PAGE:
Four Seattle area residents have tested positive for Shiga toxin-producing E. coli (STEC) after consuming food at one of three different local locations of the Homegrown restaurant chain, Seattle-King County Public Health reports.

The three implicated Homegrown restaurants are located in Redmond, Kirkland and on Westlake Avenue in Seattle. All four people – three adults and one child – ate the chicken pesto chicken sandwich on April 24-26, 2018. Victims suffered abdominal cramps and diarrhea, with one person reporting bloody diarrhea.

Health investigators inspected the three Homegrown locations and identified potential risk factors, such as handwashing facilities violations at two of three locations and a cold holding temperature violation at one of them. All three restaurants were required to complete a thorough cleaning and disinfection.

During the immediate prior inspections, the Redmond Homegrown restaurant score was Excellent; and the Kirkland and Westlake locations earned Good ratings.

The Homegrown restaurants have stopped selling the chicken pesto sandwiches, while investigators look into the various ingredients.

Three of the people involved are residents of King County, while the four is from the adjoining Snohomish County.

Public Health says the three restaurants were required to undergo cleaning and disinfection, while officials determine if any employees have recently had any diarrheal illness. The illnesses involve the same genetic fingerprint, suggesting a common source of the infection. One of the four could not be tested, but the genetic fingerprint involved has not been previously seen in the United States, making it unique to this outbreak.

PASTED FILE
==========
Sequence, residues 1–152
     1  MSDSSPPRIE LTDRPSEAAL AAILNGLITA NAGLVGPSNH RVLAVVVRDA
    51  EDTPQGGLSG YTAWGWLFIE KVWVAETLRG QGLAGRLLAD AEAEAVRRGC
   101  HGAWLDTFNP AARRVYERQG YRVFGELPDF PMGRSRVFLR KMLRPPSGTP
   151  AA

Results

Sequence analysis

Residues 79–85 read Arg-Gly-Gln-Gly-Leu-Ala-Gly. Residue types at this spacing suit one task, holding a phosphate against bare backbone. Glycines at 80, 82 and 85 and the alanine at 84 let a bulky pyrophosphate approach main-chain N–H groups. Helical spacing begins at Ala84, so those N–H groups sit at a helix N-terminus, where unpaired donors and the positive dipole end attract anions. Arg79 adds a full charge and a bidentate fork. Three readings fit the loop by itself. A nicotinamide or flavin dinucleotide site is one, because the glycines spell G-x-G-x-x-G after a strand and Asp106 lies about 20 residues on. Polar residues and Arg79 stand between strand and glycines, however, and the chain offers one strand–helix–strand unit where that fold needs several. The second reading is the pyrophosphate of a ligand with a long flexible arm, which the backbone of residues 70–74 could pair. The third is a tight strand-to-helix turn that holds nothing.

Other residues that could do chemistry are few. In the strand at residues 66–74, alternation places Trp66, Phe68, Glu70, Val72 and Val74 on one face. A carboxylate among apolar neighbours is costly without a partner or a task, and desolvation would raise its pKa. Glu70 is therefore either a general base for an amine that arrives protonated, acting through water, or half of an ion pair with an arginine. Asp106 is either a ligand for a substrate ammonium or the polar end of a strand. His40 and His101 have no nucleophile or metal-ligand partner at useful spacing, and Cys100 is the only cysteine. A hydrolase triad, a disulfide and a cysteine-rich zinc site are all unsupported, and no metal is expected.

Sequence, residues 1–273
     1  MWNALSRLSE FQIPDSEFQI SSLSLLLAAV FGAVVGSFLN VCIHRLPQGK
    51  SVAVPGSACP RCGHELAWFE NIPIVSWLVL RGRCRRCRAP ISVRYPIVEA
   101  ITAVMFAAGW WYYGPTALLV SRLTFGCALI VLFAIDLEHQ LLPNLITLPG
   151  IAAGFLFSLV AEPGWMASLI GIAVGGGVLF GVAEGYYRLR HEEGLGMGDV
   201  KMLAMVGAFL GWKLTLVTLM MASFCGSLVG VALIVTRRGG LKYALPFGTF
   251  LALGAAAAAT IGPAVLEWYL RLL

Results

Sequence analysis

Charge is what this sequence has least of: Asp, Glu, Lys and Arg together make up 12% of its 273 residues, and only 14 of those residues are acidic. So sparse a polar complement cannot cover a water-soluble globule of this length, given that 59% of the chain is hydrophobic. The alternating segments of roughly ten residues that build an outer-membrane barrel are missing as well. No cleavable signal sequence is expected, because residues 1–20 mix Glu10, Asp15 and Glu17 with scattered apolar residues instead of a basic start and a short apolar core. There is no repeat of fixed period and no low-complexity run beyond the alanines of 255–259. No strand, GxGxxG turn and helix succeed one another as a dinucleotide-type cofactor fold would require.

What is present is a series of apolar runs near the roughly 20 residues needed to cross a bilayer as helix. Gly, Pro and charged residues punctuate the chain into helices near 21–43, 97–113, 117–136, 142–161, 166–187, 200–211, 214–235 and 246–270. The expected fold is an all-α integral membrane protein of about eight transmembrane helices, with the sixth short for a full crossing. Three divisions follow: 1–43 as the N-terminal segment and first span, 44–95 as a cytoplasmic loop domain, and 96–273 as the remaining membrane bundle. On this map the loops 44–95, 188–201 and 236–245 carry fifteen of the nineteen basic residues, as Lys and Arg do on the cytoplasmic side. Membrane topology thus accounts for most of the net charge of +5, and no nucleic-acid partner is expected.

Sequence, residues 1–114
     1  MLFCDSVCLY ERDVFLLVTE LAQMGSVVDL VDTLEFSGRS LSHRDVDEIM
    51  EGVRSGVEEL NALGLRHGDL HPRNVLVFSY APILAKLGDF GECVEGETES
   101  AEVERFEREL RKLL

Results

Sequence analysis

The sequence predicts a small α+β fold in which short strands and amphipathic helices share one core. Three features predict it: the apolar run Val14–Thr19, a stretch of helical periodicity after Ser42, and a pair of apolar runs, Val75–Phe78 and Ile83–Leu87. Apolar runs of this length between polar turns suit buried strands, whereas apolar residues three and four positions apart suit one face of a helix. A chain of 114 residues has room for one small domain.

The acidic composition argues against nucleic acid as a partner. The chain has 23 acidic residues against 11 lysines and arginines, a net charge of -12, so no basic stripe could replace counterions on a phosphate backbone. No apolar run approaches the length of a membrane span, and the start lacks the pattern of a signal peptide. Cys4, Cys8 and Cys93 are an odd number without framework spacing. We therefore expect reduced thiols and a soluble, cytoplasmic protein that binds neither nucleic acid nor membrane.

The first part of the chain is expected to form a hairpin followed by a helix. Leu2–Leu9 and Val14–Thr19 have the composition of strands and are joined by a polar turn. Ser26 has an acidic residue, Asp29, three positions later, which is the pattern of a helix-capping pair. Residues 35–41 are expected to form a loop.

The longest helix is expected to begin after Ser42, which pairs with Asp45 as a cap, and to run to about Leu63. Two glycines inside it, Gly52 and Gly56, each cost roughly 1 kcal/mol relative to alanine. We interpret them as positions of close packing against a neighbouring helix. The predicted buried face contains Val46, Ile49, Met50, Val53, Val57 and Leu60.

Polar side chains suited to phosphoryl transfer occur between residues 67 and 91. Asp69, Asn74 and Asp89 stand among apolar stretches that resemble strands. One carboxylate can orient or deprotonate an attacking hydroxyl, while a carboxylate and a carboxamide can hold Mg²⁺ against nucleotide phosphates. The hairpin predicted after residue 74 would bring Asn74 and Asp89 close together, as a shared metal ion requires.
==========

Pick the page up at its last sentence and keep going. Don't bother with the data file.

Public Health also provides this “general advice” for reducing the risk of contracting STEC:

  • Avoid eating high-risk foods, especially undercooked ground beef and other beef products, unpasteurized (raw) milk or juice or cheese, and raw sprouts.
  • Use a food thermometer to make sure that ground beef has reached a safe internal temperature of 160° F.
  • Wash hands before preparing food, after diapering infants, and after contact with cows, sheep, or goats, their food or treats, or their living environment.
  • Thoroughly wash fresh produce before eating.

(To sign up for a free subscription to Food Safety News, click )